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Poet Maurice’s war of words

WAR POET Maurice Crowther with his daughter Julie Ward and son-in-law Stephen Ward.

WAR POET Maurice Crowther with his daughter Julie Ward and son-in-law Stephen Ward.

He wrote his heartrending poetry on scraps of cloth and sacking while held in Burmese prisoner of war camps.

After soldier Maurice Crowther was released at the end of the war, he shut away his poems and never spoke of them again.

Norristhorpe man Maurice, who was captured in 1942 and spent three and a half years as a prisoner, died aged 93 on December 12.

He never spoke about his time in World War II until his great-grandson, Charlie, asked him about it shortly before he died.

And after Maurice’s death, his moving poems were unearthed by his daughter Julie Ward, who knew her dad had written them but had never read them.

Julie said: “I knew they existed but I didn’t know they were still around. I found them while we were clearing out my dad’s flat. My mum, who died several years ago, talked about them but my dad didn’t talk about the war at all – it was a taboo subject until about three years ago when he started to open up a bit to his great-grandson Charlie.

“I felt very mixed emotions when I found them. There were five though we think there would have been some more because the poems finish in January 1943 but he was captured until the end of the war.

“One, called New Year at Jinsen, is extremely difficult to read because I can empathise with his feelings. You think about what you do on New Year’s Eve and he was writing about what he was doing and thinking, and it breaks my heart.”

Her husband Stephen said: “Maurice was about 21 when he wrote the poems. He wasn’t particularly acamedic and that makes them even more poignant.”

After signing up in 1939, two weeks before the start of the war, he became a soldier in the 122 Royal Artillery Field Regiment.

He was captured fighting at the fall of Singapore on February 15, 1942, along with his best friend Norman Wood.

He was still fighting in the sea when when he ran out of ammunition and was taken prisoner with Norman.

Julie said: “There was a Japanese guard who heard that Maurice used to box for his regiment and he asked Maurice to give him lessons. This he willingly did as it gave him the opportunity to knock seven bells out of one of his tormentors with no fear of reprisal.

“He worked down the coal mines in Japan and was shocked as everyone, including local women, were stripped naked to the waist, something a good old Yorkshire lad wouldn’t expect to see.”

Working down the mines he broke his leg, but his life was saved by an American doctor in the POW camp at Fukuoka, who set his leg.

He was in a camp 150km from Nagasaki when the Americans dropped the atom bomb and saw the devastation on his train journey home after the camps were liberated.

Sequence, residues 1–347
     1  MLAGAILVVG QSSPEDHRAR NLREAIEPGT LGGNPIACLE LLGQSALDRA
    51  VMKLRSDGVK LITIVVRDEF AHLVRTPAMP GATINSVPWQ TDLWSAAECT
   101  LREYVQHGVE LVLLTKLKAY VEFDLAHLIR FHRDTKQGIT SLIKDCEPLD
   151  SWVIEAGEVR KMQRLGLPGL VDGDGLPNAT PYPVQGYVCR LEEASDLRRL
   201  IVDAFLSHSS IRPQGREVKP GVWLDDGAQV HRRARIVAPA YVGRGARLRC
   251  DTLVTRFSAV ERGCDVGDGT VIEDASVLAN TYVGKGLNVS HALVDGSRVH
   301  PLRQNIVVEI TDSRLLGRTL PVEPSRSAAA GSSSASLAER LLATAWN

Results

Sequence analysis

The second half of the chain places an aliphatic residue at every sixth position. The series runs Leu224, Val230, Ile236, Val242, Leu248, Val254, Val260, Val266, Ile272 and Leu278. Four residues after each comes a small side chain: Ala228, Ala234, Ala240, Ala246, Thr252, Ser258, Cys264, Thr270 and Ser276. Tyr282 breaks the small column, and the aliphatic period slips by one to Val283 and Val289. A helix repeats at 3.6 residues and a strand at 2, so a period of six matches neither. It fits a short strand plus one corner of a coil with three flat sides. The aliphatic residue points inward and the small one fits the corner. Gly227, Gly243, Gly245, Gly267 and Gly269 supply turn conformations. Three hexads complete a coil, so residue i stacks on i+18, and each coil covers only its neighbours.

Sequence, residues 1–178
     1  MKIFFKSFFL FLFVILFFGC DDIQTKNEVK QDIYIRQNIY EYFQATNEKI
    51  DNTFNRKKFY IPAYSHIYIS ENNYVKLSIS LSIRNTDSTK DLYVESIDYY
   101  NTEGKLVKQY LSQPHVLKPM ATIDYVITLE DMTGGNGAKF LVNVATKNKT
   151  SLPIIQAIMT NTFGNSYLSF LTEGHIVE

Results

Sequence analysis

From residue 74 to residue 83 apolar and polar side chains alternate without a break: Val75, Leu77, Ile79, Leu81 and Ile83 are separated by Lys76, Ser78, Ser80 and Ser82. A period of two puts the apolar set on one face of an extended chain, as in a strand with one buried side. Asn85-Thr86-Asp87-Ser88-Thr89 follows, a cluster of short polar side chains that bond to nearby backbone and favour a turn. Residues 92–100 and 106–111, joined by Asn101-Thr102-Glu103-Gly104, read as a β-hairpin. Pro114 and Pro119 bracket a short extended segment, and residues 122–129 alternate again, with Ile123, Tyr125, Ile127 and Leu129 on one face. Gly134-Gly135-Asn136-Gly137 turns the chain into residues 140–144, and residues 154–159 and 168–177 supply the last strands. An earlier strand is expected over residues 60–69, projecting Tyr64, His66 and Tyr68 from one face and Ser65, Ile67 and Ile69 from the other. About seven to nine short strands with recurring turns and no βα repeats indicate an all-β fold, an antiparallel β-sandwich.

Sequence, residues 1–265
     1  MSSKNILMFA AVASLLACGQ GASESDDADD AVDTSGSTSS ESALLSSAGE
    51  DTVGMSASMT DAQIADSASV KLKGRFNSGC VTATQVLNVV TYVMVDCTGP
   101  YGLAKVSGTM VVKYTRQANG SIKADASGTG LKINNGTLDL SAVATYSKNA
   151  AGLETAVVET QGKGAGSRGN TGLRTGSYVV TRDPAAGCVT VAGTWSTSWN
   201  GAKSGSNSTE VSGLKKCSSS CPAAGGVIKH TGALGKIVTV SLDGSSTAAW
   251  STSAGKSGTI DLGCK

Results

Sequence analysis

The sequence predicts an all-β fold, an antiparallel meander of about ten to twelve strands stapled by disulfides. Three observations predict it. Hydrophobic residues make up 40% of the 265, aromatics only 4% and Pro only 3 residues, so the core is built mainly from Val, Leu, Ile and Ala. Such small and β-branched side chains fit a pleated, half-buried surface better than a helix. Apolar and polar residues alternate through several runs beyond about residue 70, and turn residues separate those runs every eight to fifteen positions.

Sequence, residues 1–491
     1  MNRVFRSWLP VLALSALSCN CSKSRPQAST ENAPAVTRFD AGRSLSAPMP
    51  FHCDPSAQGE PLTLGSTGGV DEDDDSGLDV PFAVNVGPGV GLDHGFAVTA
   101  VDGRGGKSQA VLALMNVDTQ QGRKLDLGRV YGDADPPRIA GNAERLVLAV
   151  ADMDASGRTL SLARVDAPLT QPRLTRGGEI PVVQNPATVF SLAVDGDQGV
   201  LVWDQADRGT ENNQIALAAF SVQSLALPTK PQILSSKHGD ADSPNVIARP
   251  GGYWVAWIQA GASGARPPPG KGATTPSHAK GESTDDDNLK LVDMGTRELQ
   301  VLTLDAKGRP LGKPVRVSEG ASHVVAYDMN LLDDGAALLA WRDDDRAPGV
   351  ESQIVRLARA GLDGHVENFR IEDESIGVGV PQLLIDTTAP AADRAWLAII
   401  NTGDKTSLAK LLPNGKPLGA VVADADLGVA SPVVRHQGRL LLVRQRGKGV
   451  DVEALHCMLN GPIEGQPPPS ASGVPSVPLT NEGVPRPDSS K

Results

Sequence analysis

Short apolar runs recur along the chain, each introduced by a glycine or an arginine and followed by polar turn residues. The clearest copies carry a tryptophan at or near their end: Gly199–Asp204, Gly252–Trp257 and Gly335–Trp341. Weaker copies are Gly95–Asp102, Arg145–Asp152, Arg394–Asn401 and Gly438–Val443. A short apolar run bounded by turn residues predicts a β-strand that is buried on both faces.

Maurice, who was awarded six campaign medals, had to sign the Official Secrets to say he wouldn’t talk about what he saw after the atom bomb destroyed the area they travelled through. He was returned home by the Americans via the USA and Canada on an American ship.

After the war he returned to Liversedge and served in the police force before starting work at Heckmondwike Carpets. He also served as a Liversedge councillor.

He married Mary and had three children, 11 grandchildren and 14 great grandchildren. Julie said: “He wrote poetry for my mum but I have never seen any of that.”

In 2012 he was awarded a National Lottery grant to take him back out to the Far East, to visit the grave of his best friend, Norman Wood. Norman was sent to work on the death railway in Burma.

That same year, Maurice was invited to a special Buckingham Palace Garden Party for JAVA Far East POW veterans and was featured on the BBC’s Remembrance Parade programme, when his daughter Julie Ward pushed him in a wheelchair past the Cenotaph and the Queen.

Stephen said: “In Britain, VE Day was the end of the war. All the lads came home from Europe but it was six months after that the lads from Japan were liberated, and then another six months before they came home. They were forgotten.

“The 122nd field regiment of the Royal Artillery was disbanded at the end of the war and Maurice was aggrieved at the thought of it becoming the Forgotten Regiment. We felt it was fitting for him to go out to poetry and I wrote a poetic obituary.”

Maurice’s war poems, uncovered after so many years, will serve as a reminder of the horrors experienced by soldiers in the Far East, and ensure they won’t be forgotten again.

l Pictures and information courtesy Sean Stewart.

 

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